Justin Gibbs, Deputy Chairman and Exchange Director of Liv-ex, says that as some people begin to get disposable income, usually around the age of 27 or 28, they begin to buy wine. “From there to peak earnings in the late 40s and 50s is the sweet spot for a collector. In their 60s and 70s—having bought more than they can drink—they become sellers.”
But while there have always been a limited number of younger people entering the fine wine market, things are changing rapidly. A combination of more market transparency, plus the rise of tech, has allowed more people to invest in wine, even if they don’t know very much about it. “You don’t need a relationship with a merchant—this brings in young and tech-savvy people,” says Gibbs.
As more people enter the market, there’s more money sloshing around, looking for places to go. “The market gets more interesting,” says Gibbs, speaking of the way the fine wine market has broadened to include more regions. “There are more players, and so you get the network effect. More members bring something different to the game—a different client base, a different specialisation.”
But perhaps the single biggest contributor to the turbocharging of the fine wine market is the growth in the number of super-rich people. While key workers like supermarket shelf stackers and nurses toiled through the pandemic on relatively low wages, the wealthy came out of the Covid era with their bottom line much improved.
“The wine market is relatively stable.”
“Unprecedented government stimulus packages, low-interest-rate environments, increased liquidity, stock market gains, and widespread COVID-19 vaccinations drove 2021 global economic resilience and accelerated the High Net Worth Individual (HNWI) population and wealth growth,” said the World Wealth Report.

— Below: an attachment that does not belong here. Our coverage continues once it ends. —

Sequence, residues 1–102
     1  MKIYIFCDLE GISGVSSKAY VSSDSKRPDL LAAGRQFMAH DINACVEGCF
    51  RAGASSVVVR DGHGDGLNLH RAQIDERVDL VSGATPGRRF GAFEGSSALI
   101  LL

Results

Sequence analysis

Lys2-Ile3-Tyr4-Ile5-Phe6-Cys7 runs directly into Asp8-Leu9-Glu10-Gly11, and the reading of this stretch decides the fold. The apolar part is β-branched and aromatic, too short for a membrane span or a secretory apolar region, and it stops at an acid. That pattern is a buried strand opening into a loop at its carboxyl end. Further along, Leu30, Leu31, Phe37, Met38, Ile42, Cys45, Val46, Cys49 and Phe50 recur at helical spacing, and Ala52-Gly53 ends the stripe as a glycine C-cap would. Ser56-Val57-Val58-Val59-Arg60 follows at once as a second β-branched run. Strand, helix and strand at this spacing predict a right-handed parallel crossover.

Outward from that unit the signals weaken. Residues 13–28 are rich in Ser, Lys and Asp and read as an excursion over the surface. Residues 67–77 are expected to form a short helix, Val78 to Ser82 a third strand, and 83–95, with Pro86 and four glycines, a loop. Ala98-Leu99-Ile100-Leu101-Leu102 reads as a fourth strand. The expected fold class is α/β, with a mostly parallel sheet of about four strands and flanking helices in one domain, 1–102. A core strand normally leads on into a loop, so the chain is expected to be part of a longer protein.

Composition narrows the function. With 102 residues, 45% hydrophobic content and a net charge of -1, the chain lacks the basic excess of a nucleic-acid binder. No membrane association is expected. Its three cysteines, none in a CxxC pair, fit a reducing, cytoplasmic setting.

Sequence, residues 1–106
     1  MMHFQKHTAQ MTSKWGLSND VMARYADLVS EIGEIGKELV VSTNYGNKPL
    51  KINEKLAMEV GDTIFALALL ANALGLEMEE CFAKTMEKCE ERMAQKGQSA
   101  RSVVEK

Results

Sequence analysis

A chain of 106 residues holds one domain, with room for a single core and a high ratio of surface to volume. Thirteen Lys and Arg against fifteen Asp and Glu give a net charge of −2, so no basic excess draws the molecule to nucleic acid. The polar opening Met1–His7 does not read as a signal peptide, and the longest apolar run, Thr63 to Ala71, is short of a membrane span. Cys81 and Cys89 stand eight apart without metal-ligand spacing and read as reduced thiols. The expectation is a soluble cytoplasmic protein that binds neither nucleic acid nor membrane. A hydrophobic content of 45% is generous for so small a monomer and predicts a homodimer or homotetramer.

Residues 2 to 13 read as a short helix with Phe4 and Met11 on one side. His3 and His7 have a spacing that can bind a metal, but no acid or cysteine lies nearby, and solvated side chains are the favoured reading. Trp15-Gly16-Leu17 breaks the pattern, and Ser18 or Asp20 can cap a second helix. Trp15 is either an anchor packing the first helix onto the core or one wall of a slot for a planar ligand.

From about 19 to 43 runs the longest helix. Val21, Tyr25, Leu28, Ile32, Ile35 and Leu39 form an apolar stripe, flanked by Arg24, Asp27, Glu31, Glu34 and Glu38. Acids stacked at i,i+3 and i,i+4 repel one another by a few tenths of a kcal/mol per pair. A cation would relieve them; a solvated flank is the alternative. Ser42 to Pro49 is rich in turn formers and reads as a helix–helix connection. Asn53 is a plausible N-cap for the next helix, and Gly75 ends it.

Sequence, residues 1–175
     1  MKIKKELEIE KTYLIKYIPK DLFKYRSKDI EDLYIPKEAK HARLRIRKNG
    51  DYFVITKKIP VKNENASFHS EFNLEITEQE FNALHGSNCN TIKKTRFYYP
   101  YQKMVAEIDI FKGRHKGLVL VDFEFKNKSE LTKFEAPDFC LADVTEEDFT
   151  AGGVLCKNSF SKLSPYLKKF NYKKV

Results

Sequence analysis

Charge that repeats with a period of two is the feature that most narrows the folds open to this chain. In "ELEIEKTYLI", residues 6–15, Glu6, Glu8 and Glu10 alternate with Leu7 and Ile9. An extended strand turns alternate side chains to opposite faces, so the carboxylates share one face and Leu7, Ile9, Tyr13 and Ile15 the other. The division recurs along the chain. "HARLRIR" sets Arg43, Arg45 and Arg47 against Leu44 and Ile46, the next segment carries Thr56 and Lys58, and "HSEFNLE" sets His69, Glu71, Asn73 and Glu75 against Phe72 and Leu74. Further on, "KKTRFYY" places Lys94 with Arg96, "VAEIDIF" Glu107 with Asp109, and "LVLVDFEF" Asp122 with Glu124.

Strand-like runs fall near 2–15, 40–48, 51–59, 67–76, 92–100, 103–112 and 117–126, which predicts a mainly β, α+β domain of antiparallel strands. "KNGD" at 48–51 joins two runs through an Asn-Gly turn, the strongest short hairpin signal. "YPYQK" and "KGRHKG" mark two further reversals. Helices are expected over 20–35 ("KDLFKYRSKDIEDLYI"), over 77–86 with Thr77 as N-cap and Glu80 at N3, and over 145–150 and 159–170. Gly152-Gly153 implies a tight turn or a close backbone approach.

A HNWI is defined as someone with more than $1 million in financial assets, and there are a lot more of them now than there were before Covid—the number of HNWIs grew by more than 13% in North America alone, largely on the strength of the tech sector.
This raises the question of how long this bull market in fine wine can last. Crypto has collapsed, the tech sector is laying off workers in large numbers, inflation is high, energy is expensive, and geopolitical turmoil shows no sign of abating.
Is a fine wine downturn on the way?
“What we can say is that pretty much all of our merchant members across all regions have reported slowing sales, which I think reflects greater risk aversion in the wine economy,” said Gibbs. “Of course, there has been a huge and widespread destruction of wealth to the tune of trillions in the equity markets, and that has to have an effect on the wine economy.”
But, he says, he doesn’t expect to see a “massive sell-off”, because “the wine market is relatively stable.”
This means anybody hoping to pick up a bargain bottle of Coche-Dury may be in for a disappointment. The super-wealthy trade wine “at the margins”, meaning it’s not their primary store of value. If they need money in a hurry, they’re more likely to sell their stocks and shares. So even if the market dips, they’ll probably do what they always do—wait for a better time to sell. Or simply drink it.
It's unlikely that fine Burgundy will ever be affordable again. But all is not lost—the Rhône looks like a bargain in comparison.
Felicity Carter was an editorial consultant to Liv-ex for six months in 2021.